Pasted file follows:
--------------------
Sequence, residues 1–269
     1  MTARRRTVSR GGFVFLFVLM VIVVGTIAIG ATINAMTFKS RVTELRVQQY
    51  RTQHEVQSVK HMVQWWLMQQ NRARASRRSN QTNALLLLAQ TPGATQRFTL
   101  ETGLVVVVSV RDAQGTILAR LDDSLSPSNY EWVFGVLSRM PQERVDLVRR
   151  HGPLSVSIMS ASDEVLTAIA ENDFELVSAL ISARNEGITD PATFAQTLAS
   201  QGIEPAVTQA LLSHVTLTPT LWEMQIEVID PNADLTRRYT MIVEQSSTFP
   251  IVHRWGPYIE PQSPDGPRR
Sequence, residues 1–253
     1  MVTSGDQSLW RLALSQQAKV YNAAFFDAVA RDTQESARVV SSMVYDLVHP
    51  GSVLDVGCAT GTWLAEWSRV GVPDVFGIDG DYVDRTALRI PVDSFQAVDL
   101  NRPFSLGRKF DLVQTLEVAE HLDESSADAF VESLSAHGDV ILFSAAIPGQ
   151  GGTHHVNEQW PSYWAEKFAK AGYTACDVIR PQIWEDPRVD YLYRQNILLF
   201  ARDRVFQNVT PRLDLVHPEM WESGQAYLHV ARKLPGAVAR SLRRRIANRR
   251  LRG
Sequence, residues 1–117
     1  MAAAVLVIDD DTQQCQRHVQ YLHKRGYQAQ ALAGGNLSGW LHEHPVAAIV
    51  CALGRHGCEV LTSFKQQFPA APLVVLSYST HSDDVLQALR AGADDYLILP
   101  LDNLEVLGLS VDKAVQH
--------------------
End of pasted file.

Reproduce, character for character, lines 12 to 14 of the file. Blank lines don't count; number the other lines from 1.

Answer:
   151  GGTHHVNEQW PSYWAEKFAK AGYTACDVIR PQIWEDPRVD YLYRQNILLF
   201  ARDRVFQNVT PRLDLVHPEM WESGQAYLHV ARKLPGAVAR SLRRRIANRR
   251  LRG